One of the snags people often get caught in when eating a local diet is the ebb and flow of specific foods. First, most foods are not in season year round. They come and go like the tide. They might be obtainable, but you have to travel far to get them. Second, when they are available, they are available in the same way that a tidal wave is available.
Lettuce is one of those foods. Somewhere along the line, it acquired the status of poster child for healthy eating. People on diets opt for the salad bar instead of fried chicken. Health nuts get bragging rights based on how many salads they eat. Prewashed, mixed, and bagged lettuce is a staple of busy moms trying to feed their family more vegetables. And then there’s me. I think I eat fairly healthfully. And yet, for most of the year, salads (at least those made from lettuce) are conspicuously absent from my table. In the south, where I live, the lettuce season is very short- from about March to mid April, and then again in September. Lettuces thrive in cooler spring and fall temperatures. The intense heat that other sun bathing vegetables like tomatoes adore, exhausts lettuces. But in the spring, before the days get too hot, lettuce comes rolling in from the garden and crashes in waves over farmer’s market stands. It is vibrant green (or red, or purple), succulent, tender, and without a trace of bitterness.
Faced with such beauty, it is all too easy for a girl like me to pick up my chef’s knife like a surf board and attempt to ride the waves of lettuce. Inevitably, I wipe out – salad spinner tumbling across the floor and lettuce wilting in my bottom drawer. When this happens, I am indebted to Kimi, of The Nourishing Gourmet, for her Tangy Herbed Lettuce Soup recipe. It’s basic formula of lettuce leaves wilted in hot broth with some vinegar and herbs, has saved many heads of lettuce from an early composting. This recipe works with all kinds of lettuce and other leafy greens. I’ve made heirloom lettuce soups that have specks of red and purple floating in them like confetti. If you live in Columbia, this is a great way to use the full pound bags of sunflower sprouts from City Roots. As long as you don’t simmer the soup too long, the soup should stay a vibrant green , so it’s hard to make an ugly soup. As far as flavor goes, however, the combination of spicy arugula and red onion is my favorite.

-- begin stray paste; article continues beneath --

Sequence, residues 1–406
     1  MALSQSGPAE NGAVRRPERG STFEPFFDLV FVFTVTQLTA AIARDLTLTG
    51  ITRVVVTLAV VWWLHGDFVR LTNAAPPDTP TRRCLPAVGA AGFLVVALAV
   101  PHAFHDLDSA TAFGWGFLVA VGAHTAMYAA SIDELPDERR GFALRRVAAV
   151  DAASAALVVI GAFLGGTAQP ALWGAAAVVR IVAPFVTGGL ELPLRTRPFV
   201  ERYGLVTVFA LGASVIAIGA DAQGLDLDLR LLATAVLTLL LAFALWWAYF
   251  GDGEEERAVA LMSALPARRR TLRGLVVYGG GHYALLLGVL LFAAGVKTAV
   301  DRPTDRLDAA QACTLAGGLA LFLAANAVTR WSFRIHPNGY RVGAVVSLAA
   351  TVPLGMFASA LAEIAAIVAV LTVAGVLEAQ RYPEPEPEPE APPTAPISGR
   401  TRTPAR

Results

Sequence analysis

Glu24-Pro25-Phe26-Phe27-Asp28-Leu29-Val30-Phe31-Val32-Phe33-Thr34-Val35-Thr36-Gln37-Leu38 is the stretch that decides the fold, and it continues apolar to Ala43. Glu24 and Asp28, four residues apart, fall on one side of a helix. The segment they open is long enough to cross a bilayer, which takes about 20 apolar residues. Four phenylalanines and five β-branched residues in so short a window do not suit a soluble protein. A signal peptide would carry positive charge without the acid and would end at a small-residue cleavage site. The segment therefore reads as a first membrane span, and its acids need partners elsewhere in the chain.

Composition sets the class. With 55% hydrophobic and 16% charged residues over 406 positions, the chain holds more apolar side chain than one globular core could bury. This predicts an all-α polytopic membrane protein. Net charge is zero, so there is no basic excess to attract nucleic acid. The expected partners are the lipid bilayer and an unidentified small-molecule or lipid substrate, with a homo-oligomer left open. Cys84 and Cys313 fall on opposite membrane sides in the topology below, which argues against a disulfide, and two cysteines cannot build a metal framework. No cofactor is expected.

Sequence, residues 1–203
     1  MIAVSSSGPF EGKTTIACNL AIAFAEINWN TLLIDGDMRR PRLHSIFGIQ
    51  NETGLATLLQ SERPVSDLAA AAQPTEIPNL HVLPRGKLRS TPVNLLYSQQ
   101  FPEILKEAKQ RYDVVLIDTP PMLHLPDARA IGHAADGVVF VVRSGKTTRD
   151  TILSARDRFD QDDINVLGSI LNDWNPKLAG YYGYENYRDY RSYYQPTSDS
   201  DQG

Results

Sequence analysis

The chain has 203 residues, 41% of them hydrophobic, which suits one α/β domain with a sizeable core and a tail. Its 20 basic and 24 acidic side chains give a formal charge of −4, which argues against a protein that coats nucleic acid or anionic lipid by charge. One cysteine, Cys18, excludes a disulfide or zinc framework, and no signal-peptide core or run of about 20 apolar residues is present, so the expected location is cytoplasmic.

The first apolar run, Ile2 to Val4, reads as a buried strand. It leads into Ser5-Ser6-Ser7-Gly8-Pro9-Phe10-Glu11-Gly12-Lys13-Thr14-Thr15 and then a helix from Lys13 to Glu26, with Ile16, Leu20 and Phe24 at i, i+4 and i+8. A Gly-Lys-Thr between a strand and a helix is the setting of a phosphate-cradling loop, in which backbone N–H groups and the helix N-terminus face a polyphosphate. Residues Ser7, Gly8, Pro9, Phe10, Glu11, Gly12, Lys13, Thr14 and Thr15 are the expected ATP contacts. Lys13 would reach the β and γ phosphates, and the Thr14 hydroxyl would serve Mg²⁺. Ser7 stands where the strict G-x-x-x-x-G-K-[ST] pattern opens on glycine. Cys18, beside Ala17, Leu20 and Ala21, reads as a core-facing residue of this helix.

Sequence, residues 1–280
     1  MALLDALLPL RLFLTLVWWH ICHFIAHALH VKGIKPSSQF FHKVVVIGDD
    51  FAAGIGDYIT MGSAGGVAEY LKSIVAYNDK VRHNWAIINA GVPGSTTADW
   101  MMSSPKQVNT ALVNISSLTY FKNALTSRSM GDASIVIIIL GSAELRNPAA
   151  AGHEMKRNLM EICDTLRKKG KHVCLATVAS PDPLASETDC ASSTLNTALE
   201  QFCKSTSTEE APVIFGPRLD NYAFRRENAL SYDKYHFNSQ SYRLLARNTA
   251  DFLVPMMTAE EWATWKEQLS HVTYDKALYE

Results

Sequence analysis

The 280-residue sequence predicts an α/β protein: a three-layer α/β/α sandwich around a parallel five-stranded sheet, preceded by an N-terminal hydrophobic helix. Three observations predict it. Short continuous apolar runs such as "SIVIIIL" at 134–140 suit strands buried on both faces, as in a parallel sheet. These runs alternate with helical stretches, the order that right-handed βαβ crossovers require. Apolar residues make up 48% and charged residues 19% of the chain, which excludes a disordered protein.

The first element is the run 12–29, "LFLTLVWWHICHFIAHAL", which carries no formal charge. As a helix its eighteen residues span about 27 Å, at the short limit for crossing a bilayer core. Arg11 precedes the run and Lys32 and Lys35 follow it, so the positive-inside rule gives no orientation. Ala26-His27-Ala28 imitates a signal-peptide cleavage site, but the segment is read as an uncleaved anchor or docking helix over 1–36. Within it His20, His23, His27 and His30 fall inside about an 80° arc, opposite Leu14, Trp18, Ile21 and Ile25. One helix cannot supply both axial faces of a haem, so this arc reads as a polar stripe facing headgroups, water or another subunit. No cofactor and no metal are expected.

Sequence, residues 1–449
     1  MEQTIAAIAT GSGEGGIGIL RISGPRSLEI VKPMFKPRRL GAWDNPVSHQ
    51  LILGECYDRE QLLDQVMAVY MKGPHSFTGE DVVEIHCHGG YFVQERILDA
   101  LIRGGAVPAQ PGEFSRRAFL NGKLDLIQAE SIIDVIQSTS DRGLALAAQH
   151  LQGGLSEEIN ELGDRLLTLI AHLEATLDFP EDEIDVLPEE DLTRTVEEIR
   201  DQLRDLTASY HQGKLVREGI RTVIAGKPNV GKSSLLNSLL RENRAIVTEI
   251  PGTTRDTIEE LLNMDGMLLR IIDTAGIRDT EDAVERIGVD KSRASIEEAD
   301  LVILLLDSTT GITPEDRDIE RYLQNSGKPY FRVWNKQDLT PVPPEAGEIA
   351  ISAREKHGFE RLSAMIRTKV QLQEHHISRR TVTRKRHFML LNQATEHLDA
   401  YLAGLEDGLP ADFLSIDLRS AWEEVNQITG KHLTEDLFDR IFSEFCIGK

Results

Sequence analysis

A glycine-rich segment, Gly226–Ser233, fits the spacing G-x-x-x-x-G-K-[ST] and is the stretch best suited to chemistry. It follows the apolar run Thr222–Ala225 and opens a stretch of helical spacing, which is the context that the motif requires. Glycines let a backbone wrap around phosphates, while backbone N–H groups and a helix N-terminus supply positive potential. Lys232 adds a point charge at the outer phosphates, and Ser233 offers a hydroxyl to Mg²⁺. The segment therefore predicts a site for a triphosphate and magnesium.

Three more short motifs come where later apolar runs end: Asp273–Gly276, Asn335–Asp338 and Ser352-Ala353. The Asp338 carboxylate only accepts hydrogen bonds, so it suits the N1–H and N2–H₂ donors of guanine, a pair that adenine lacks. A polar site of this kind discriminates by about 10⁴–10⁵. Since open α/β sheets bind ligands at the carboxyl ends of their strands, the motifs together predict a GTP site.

Arugula and Red Onion Soup
2 Tbs olive oil
1 red onion, roughly chopped
2 cloves of garlic, chopped
1 celery stick, roughly chopped (opt.)
1 qt chicken stock, or stock cut with whey
2large baking potatoes, cubed,
A large hunk of stale bread, crumbled
1/3 lb. of arugula, less is fine, more is good too
1 Tbs Herbes de Provence (a mixture of thyme, rosemary, lavender, basil, and fennel)
2 splashes of tarragon vinegar (or whatever vinegar you have)
salt and pepper
If your arugula has lots of stems, strip the leaves off first. The stems will just get caught around the blades of the blender later. (Save the stems in the freezer for your next batch of stock!) Heat the olive oil over medium heat until it shimmers. Add the red onion, celery, and a pinch of salt. Saute until the onion is soft and translucent. Add your first splash of vinegar and deglaze the pan by loosening all the browned bits stuck to the bottom. Add the stock, garlic, and potatoes. Bring the stock to a simmer, and turn the heat down. Simmer for about 15 minutes, or until the potatoes are fork tender. (This will be significantly less time if you are using stale bread.) Add the arugula and the Herbes de Provence. Simmer for just a minute or two, until the leaves turn bright green. Blend the soup to your desired consistency with either an immersion blender, or in batches in a bar blender. If you blend it less, it makes a chunkier, more rustic soup. If you blend it more, it makes a creamier soup. Add your last splash of vinegar and taste for seasoning. Add salt and pepper if necessary. Garnish with a dollop of sour cream or yogurt. If you are lucky enough to have some arugula flower stalks, those make an especially elegant (and tasty) garnish.